This story is from The August Chronicle dated October 29, 1876. If you have any information on the whereabouts of the referenced cane, I would love to hear from you. Isaac Mayer, who brought the cane from Germany and gave it to Judge Gibson, was my 3rd great grandfather.
Restored to Its Owner After a Long Separation.
We find the following in the Atlanta Constitution, of yesterday:
The morning after Gov. Smith’s speech in Augusta, your reporter was sitting quietly in the law office of Thos. H. Gibson, when in came the Souther Express man with a walking cane, labeled “From D. H. Chase, for T. H. Gibson, Augusta, Ga.”
Mr. Gibson received it, and stated that it had an interesting history. He went on to say that in the Summer of 1861, while the First Georgia Regiment was stationed at Laurel Hill, in West Viriginia, Judge Gibson visited it. While there the army under General Garnett was forced to retreat before McClellan’s forces. And at the battle of Corrick’s ford, on Cheat river, Gen. Garnett was killed, our baggage train captured, and with it the Judge’s walking cane. A member of the Ninth Indiana Volunteers got it and kept it for several years, when he gave it to Col. R. P. Dehart, who several months ago gave it to Judge D. H. Chase, of Loganport, Indiana.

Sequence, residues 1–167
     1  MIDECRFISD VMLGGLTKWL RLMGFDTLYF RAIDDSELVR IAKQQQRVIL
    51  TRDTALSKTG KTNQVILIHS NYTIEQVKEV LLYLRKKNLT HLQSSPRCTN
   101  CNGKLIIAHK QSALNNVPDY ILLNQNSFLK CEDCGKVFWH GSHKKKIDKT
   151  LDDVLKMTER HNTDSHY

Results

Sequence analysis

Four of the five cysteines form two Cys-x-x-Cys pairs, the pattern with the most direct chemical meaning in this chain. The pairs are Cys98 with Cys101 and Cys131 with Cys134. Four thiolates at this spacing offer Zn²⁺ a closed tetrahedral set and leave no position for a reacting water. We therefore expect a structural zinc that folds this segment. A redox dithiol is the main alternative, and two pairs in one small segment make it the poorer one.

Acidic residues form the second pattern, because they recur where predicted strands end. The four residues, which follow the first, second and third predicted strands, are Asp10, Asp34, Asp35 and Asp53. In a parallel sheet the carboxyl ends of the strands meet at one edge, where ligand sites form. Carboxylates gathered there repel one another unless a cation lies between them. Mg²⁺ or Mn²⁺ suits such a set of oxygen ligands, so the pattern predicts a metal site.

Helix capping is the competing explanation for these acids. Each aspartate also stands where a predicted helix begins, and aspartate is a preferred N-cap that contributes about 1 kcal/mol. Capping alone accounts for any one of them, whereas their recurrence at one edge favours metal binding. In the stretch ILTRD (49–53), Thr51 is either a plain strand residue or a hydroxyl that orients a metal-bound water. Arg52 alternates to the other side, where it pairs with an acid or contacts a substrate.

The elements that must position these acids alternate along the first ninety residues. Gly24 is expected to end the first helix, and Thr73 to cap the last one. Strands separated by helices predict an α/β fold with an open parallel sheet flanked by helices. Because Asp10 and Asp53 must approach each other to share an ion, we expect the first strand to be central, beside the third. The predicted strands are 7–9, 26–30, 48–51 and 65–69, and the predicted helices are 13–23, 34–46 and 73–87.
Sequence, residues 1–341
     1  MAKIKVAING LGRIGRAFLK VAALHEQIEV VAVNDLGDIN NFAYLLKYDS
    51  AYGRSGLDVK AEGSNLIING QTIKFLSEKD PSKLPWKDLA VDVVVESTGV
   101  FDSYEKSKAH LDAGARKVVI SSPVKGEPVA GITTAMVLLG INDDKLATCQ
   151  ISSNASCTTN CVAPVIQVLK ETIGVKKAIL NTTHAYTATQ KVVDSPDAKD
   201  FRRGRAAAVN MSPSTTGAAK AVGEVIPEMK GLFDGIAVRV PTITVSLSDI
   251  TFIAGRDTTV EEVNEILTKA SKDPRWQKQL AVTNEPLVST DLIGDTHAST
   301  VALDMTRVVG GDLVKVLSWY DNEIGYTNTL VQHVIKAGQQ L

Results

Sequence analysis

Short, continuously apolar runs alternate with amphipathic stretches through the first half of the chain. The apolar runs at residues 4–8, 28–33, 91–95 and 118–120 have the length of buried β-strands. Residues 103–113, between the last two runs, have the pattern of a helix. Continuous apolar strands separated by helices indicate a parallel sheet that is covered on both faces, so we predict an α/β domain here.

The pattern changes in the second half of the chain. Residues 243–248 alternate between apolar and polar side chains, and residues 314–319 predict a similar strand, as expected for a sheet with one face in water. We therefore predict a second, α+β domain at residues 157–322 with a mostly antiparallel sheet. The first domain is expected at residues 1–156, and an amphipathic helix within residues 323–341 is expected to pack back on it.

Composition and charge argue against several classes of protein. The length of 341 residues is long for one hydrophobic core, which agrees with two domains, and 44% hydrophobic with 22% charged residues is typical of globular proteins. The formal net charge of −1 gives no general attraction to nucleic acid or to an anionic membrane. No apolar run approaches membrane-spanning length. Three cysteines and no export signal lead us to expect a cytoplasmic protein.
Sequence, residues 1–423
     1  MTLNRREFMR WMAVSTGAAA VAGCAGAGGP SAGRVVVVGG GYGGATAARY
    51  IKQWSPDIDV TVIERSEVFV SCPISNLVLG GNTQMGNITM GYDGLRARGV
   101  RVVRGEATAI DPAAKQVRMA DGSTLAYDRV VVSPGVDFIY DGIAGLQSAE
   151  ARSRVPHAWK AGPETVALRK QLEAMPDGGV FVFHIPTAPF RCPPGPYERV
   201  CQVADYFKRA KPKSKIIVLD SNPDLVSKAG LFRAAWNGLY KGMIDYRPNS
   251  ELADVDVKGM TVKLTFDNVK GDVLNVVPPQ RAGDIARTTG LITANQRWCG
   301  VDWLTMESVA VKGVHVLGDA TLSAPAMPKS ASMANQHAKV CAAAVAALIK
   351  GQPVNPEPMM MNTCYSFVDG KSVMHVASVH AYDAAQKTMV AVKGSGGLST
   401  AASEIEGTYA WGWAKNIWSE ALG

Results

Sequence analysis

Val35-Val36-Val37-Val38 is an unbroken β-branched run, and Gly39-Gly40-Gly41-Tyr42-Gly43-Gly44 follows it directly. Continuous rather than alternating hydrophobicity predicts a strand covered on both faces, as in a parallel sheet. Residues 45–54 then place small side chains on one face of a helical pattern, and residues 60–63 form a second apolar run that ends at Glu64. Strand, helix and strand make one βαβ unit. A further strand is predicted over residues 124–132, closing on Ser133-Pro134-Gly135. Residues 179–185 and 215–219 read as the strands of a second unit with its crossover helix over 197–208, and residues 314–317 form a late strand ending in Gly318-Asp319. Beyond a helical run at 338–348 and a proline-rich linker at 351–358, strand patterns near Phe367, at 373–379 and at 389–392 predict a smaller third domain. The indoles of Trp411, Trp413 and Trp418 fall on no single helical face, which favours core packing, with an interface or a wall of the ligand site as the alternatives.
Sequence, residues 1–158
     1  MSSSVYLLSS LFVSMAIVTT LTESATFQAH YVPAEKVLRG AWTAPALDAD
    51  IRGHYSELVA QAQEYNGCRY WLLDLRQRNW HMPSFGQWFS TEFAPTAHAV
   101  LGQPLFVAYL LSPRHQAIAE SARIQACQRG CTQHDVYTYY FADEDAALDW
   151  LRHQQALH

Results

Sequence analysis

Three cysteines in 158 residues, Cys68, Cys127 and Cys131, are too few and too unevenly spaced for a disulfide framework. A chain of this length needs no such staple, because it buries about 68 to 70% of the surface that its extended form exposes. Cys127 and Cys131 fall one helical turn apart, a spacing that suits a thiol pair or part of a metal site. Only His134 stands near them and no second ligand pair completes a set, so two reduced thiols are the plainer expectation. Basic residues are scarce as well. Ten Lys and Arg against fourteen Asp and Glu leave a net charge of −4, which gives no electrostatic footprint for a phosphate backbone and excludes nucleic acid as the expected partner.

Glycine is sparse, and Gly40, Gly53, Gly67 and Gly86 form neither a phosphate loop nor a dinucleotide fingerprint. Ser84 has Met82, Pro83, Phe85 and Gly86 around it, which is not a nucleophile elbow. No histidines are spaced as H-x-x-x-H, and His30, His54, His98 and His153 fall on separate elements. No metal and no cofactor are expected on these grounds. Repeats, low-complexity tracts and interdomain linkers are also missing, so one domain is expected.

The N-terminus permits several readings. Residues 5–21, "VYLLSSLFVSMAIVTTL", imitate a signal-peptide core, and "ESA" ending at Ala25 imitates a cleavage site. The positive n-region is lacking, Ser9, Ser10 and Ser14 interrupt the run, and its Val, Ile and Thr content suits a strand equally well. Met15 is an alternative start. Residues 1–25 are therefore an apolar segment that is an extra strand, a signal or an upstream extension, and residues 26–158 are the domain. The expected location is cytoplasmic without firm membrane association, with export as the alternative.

The latter a few weeks ago wrote to Mr. M. S. Kean, a prominent dry goods merchant of this city, and who was taken prisoner and fell into the hands of Captain Chase, at the Corrick ford fight, stating he had in his possession a cane captured at that fight, and supposing it was General Garnett’s, wanted to know how he could find the owner. On the 18th instant Mr. T. H. Gibson wrote to Captain Chase, describing the stick his father had lost, and the 24th instant received a reply that the stick described was the one he had, and he would forward it immediately by express, and it arrived this morning. The cane was the more highly appreciated and valued by Judge Gibson by reason of the fact that it was a present to him from a very warm friend, now deceased, Mr. Isaac Mayer, a former citizen and merchant of this place, who brought it from Germany.
Original story as a PDF.